Groan all you like hippies, rave is reigning supreme. This is going to be the summer of EDM.
To help you prepare for the Doof Onslaught, Ishkur has created this interactive guide to musical sub-genres. It’s really good – I started with “House”, then “Tribal”, the first track that came on was San Francisco’s Dubtribe Sound System, with a loop from their classic track “Hasta Luego Me Hermano”. You could spend hours exploring this thing. Plug your computer into your stereo and turn it up. Ishkur’s guide is at Techno.org.
Andy Samberg of SNL closed the season with this EDM parody. He’s in talks to play a Burner in a new UK TV series.
Wunderground bring us this amusing tale from David Guetta’s tour.
HBO are creating a new, Entourage-like show based on dance music culture. Calvin Harris, the #1 earning DJ in the world, has teamed up with Fresh Prince Will Smith and Roc-a-Fella Illumini Jay-Z to create the show. Trainspotting scribe Irvine Welsh will write the script and presumably they will all collaborate on what could be an epic soundtrack. Harris might even star in it…perhaps playing a DJ? From inthemix:
EDM’s coming to HBO: Calvin Harris on board to develop scripted comedy series
Rave Of Thrones? Sets And The City? We can only begin to imagine the possibilities.
Dance music has already hit the big screen thanks to Insomniac’s Under The Electric Sky documentary. But now, according to Deadline Hollywood, it’ll soon be making its way to prime time TV. The site reports that HBO is developing Higher, a half-hour comedy show “set in the world of electronic music.”
The series will be penned by Irvine Welsh, author of the seminal novel Trainspotting, and developed with the help of none other than Calvin Harris. We’re willing to bet that the multi-talented 30-year-old has quite a few stories to share from his seven-plus years in the industry, especially given his crossover success; the show’s concept conjures memories of some of Entourage‘s more debaucherous moments.
It’s not just Welsh and Harris who have been tasked with creating Higher… far from it, actually. The series is being created in conjunction with Overbrook Entertainment, Three Six Zero Group and Marcy Media, three companies with some very well-known names behind them.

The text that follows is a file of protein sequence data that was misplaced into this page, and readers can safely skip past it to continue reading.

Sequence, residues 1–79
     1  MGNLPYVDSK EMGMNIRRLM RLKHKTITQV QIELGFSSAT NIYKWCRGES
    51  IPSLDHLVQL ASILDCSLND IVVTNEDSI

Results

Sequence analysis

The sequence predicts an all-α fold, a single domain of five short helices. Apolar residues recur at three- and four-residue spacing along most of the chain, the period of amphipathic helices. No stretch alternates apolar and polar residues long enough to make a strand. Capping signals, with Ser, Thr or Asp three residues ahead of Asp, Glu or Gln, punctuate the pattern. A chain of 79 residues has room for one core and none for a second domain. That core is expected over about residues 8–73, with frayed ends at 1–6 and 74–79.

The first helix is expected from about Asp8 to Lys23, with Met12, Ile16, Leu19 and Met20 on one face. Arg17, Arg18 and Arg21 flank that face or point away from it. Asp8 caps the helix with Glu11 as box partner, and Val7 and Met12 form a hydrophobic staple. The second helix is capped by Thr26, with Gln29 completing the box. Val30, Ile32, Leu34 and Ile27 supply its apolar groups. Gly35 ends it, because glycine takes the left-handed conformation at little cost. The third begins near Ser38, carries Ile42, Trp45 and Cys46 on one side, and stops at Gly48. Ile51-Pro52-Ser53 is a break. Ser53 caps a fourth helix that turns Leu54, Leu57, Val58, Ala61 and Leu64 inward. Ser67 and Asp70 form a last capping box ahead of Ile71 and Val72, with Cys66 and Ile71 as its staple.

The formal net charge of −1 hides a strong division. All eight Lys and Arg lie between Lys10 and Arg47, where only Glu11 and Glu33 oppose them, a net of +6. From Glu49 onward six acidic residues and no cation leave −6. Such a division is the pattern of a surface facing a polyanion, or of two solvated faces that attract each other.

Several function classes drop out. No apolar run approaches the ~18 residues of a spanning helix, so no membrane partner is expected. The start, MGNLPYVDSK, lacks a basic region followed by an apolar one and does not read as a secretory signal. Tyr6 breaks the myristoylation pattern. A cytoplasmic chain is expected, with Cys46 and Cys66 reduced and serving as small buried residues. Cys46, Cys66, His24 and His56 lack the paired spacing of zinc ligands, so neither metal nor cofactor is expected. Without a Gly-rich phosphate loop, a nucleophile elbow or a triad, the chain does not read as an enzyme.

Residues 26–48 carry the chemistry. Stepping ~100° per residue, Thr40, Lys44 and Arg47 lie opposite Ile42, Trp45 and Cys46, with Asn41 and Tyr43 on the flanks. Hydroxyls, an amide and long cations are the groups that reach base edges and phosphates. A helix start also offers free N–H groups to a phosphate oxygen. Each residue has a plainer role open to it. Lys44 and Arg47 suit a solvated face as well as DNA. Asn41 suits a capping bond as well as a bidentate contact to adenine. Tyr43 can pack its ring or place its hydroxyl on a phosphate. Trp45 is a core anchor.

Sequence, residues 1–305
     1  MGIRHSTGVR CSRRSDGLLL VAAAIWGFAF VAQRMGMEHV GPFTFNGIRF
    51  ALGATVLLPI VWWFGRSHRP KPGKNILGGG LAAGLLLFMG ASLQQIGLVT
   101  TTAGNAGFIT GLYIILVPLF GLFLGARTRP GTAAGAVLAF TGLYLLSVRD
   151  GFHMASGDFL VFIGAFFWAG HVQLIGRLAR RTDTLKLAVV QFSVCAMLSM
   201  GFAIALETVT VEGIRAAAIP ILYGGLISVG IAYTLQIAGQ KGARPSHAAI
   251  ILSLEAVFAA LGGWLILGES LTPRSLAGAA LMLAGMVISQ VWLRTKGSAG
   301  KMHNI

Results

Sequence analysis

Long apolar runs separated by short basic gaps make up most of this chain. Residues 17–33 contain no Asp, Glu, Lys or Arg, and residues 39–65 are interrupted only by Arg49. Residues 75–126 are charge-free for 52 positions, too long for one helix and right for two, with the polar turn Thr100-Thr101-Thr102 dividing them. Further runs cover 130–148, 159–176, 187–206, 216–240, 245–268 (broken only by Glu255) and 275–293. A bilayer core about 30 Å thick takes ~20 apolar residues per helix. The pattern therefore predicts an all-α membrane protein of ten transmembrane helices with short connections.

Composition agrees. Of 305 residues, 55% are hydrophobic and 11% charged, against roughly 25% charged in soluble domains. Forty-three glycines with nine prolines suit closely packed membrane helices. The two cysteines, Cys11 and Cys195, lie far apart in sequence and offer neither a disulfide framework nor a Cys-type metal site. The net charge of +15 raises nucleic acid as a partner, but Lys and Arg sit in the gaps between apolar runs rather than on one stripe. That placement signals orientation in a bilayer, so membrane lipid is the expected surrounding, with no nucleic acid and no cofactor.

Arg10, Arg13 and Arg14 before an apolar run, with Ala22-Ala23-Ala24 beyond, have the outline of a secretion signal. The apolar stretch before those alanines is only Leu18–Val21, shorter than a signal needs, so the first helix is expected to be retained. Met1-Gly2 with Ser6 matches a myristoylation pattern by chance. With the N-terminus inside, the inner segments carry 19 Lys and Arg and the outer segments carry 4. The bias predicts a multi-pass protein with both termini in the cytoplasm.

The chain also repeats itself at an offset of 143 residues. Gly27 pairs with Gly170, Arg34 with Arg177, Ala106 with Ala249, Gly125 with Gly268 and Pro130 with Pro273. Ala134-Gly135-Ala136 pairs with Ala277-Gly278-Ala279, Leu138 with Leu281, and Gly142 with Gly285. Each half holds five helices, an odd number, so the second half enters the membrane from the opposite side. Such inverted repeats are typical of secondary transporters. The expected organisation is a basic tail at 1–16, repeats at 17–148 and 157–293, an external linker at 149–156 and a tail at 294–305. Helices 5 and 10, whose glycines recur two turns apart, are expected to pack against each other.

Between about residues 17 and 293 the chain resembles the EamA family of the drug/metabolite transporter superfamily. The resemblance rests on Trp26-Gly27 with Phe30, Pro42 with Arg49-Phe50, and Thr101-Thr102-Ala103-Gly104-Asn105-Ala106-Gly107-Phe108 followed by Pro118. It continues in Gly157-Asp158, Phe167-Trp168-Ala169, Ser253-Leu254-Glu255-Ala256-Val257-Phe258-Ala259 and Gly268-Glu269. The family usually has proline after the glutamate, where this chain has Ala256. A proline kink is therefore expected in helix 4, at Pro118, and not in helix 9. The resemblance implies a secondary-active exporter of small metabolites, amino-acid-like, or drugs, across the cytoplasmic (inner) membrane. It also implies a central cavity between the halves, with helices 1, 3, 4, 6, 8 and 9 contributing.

Among the show’s nine – yes, nine – executive producers are Overbrook’s Will and Jada Pinkett Smith and Marcy Media’s Jay-Z. The trio is already working together on a film re-boot of the musical Annie, but Higher will be a different sort of endeavor entirely.
No word yet on whether Harris will appear on the series, but he’s already (sort of)shown off his acting chops in the music video for Ellie Goulding’s “I Need Your Love.” We’ll keep you up-to-date on Higher as the story around the show develops
EDM is pulling in the big bucks – it’s now a $20 billion market. Attendance at the Top 50 EDM events is more than double that of all other festivals combined.
The EDM market is a $15.0 to $20.0 billion global industry, with the major players in the global festival market achieving $4.5 billion in sales for 2012. Digital music revenues grew an impressive 9.8% in 2012 (IFPI, 2013).
While attendance at concerts and festivals for other music genres declined by 8.3% in the past three years, EDM has only prospered. The attendance for the top 50 EDM specific festivals was two times the number in attendance of concerts for all other music genres combined. The EDM genre alone reports a staggering festival audience of over 3.5 million people between the ages of 18-35, “who are young, highly inclined toward purchase, technologically facile, with significant disposable income,” making us the most marketable crowd in history.
When it comes to digital streaming, EDM continues to dominate over other music genres. Last.fm reported their aggregate number of unique listeners and plays per genre since 2012 and their findings are astounding.
Per Last.fm, the average number of Hip Hop listeners dropped from 7,000 in 2012 to 2,000 through July 2013, a 78% drop. Last.fm data shows that for the same periods, EDM as a total genre increased from 92,000 to 266,000, a 190% increase. Figures like these are powerful illustrations of the tsunami of new music dwarfing non-EDM related music content.
…In 2005, there were approximately 38,000 total tracks released globally via traditional labels across all genres. For the 6-month period ending July 2013, there were a total of 371,000 total tracks released in EDM alone…The numbers don’t lie and the truth is, EDM is driving the global digital music growth and international artist sales. EDM is not only at the forefront of the music industry but it’s conquering it completely.
According to Burning Man’s ticket provider TicketFly, social media ticket sales are 6 times as much as for EDM events as they are for plays, sports or bands.